Online screening for prenatal depression tested for impact on children’s and mothers’ health
Women’s health – Prenatal depression
One in ten women suffers from depression or anxiety during pregnancy. The consequences can be devastating for both women and children, especially since prenatal depression and anxiety are largely undiagnosed and untreated. The focus has tended to be on post-partum depression.
“In terms of screening and treatment, it’s too little, too late,” says maternal and child health researcher Dr. Dawn Kingston. “We really need to be thinking of prenatal care.”
Recent advances in early development research show that the prenatal period is a particularly critical, vulnerable time for neurobiological development. Maternal depression and anxiety affect the growth and development of the fetus, and are associated with social, emotional and attentional problems and chronic illnesses in childhood and adulthood. Depressed, stressed out moms are more likely to experience preterm labour and deliver low-birth weight babies. Their depression, if left untreated, can continue and worsen after the birth, undermining their ability to bond with and care for their children.
Dr. Kingston, an assistant professor of nursing at the University of Alberta, aims to shift that 10 per cent statistic. She is heading the first — long overdue — large-scale study to evaluate the effectiveness of online prenatal screening and treatment on children’s development and long-term health and the health of their mothers. The four-year study will track 800 pregnant women and their children in Edmonton, Hamilton and Brantford for a year and perhaps longer, and test the performance and impact of an online screening and assessment system. The digital screening tool and therapy were developed for easy implementation in busy clinical settings.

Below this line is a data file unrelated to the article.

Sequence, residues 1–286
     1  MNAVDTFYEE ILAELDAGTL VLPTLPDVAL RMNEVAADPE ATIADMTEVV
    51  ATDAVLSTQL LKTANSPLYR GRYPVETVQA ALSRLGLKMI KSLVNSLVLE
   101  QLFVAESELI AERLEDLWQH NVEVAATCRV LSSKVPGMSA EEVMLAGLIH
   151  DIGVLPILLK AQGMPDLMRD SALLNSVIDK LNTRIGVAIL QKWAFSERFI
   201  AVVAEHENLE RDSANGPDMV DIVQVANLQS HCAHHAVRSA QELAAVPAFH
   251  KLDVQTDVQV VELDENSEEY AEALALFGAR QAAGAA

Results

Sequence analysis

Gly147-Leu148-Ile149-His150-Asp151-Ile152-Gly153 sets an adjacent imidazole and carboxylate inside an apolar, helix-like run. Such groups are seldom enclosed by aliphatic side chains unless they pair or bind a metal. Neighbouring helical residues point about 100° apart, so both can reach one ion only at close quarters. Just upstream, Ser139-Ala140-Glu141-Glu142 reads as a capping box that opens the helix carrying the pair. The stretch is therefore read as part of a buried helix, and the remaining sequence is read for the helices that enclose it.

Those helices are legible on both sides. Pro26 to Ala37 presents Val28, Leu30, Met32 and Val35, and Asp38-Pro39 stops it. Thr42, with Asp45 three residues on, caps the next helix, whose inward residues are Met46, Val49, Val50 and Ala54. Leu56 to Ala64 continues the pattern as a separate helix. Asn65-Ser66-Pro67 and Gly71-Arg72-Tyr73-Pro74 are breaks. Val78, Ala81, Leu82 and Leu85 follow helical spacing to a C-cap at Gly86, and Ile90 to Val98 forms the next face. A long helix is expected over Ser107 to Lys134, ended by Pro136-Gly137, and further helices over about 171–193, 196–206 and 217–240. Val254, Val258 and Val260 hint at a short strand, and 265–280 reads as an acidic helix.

Here’s how it works. A patient walks into her doctor’s office or into a hospital clinic. As part of her routine prenatal care, she fills out an online mental health questionnaire that includes symptoms and risk factors for depression and anxiety. Her responses are scored by a special software program. If the overall score indicates she may be at risk, a prompt is sent to her physician, along with recommendations for treatment options that are available in her community. Online therapy is also presented as an option — either alone or in combination with face-to-face counselling or medication.
The online tool was created by WCHRI’s data management and informatics team as part of a two-year Innovation Grant study, supported by the Royal Alexandra Hospital Foundation (RAHF). Another study (also funded by RAHF) enabled Dr. Kingston and her team to survey 500 pregnant women regarding their attitudes towards prenatal mental health screening. The overwhelming majority supported routine screening. The finding is significant, notes Dr. Kingston, given that routine prenatal mental health screening is not done in any province in Canada, although it’s standard practice in other countries such as the U.K. and Australia.
A minority of the respondents said they felt comfortable initiating discussions about mental health concerns, while 97 per cent preferred service-provider initiated screening. Surprisingly, most preferred online questionnaires rather than face-to-face interviews. The online screening tool was then developed in response to the women’s stated preferences and needs.
Dr. Kingston has also piloted an e-therapy, based on a cognitive behavioural therapy approach, for prenatal depression and stress. The initial response has been highly positive, she says. The online treatment is easily accessible unlike many more traditional therapies that can be expensive, hard to find and have long wait times.
Dr. Kingston anticipates that the full trial findings will improve prenatal mental health policies and care. “Alberta has the potential to become a leader in this regard,” she says.
A pilot trial for this study was funded by the Women and Children’s Health Research Institute and the Norlien Foundation.